As for the Federal governments toleration of slavery, that was a given as slavery was still legal and, more importantly, the national government was controlled by a Congress dominated by the South and pre-war administrations headed by a string of southern presidents and salted with southerners in key positions. For example, as the last pre-war Secretary of War, Jefferson Davis’ diligent work in ensuring that Federal magazines and arsenals tbroughout the South were very well stocked has not gone unnoted, either then or now.

    That dominance, of course, ended with the increasing imbalance in the voting populations of the North and South. In the election of 1860, Abraham Lincoln was elected President without any Southern states electoral votes.

    However, let me meet you halfway. In the antebellum South, agriculture + slavery = money and power. And the pre-war upper classes of Southern society were not going to tolerate any challenges to that formulation. By contrast, in the North, the formulation was immigrant labor + industry = money and power. With the cutoff of slave importation and the frustration of the expansion of slavery beyond the South, the South was never going to be able to match the economic output of a system that directly imported its workforce as adults and that was not heavily dependent on putting undeveloped land into cash crop production. (This is not to say there was no industry in the South or agriculture in the North.)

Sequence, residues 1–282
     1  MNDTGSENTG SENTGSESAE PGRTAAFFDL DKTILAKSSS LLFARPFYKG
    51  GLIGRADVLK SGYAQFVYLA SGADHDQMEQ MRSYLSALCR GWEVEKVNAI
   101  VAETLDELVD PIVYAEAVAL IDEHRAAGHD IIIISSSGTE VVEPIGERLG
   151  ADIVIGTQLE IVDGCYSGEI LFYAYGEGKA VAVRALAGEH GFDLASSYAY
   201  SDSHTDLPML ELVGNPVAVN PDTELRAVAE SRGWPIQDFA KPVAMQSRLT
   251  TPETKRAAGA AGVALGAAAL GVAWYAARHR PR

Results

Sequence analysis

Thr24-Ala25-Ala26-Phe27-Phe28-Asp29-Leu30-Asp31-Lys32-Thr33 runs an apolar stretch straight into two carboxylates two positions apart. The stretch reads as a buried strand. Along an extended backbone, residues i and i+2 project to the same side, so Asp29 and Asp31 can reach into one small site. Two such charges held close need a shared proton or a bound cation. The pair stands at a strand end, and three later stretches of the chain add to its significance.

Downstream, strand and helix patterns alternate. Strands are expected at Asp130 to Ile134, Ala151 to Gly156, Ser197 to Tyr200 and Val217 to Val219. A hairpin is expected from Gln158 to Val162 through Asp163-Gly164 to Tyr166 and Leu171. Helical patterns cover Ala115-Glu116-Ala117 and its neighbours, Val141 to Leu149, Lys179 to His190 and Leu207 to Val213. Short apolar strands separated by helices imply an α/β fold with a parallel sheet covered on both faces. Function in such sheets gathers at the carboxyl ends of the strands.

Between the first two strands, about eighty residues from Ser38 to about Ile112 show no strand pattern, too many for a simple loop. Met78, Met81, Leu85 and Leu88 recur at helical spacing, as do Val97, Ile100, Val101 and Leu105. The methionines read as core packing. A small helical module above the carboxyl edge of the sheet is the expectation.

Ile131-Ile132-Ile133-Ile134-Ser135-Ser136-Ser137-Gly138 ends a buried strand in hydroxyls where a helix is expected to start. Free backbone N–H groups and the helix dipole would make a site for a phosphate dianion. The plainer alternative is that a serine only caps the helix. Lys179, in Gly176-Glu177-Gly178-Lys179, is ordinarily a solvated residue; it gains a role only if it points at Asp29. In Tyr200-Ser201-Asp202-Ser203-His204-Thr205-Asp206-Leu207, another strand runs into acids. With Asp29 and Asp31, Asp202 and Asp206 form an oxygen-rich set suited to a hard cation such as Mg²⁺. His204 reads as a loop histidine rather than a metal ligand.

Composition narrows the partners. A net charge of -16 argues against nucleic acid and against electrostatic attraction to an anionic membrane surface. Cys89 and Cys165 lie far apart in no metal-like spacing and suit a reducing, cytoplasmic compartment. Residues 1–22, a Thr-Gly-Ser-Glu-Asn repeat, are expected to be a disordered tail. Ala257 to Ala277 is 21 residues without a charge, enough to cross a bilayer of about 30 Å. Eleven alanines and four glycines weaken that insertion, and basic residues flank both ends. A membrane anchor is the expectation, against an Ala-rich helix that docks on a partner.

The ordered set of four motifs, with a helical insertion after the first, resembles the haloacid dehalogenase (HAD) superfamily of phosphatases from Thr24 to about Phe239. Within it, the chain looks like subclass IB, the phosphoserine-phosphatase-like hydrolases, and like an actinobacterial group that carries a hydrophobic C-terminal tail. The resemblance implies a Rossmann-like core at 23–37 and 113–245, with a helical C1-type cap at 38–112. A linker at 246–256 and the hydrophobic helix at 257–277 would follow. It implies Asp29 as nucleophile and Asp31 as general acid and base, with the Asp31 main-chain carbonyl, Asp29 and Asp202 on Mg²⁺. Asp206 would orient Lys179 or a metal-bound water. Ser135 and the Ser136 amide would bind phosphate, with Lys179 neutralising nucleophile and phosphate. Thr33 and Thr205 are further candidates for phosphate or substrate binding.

• Here’s Some History to Help Understand the Racial Wealth Gap

    01/26/2016 7:31:49 PM PST · 17 of 22
    Captain Rhino to DiogenesLamp

    To answer briefly, the underlying cause of the US Civil War was answering the question: “Is perpetual slavery the proper status of American-born blacks?” In saying “proper status,” I recognize that unfree American-born blacks already had a legal status at the time as slaves, However, the anti-slavery/abolitionist movement in the North increasingly questioned the “Great Compromise” embedded in the Constitution, first on economic grounds then, with increasing vitrol, on moral grounds; ultimately calling into question the Christianity of Southerners who supported slavery.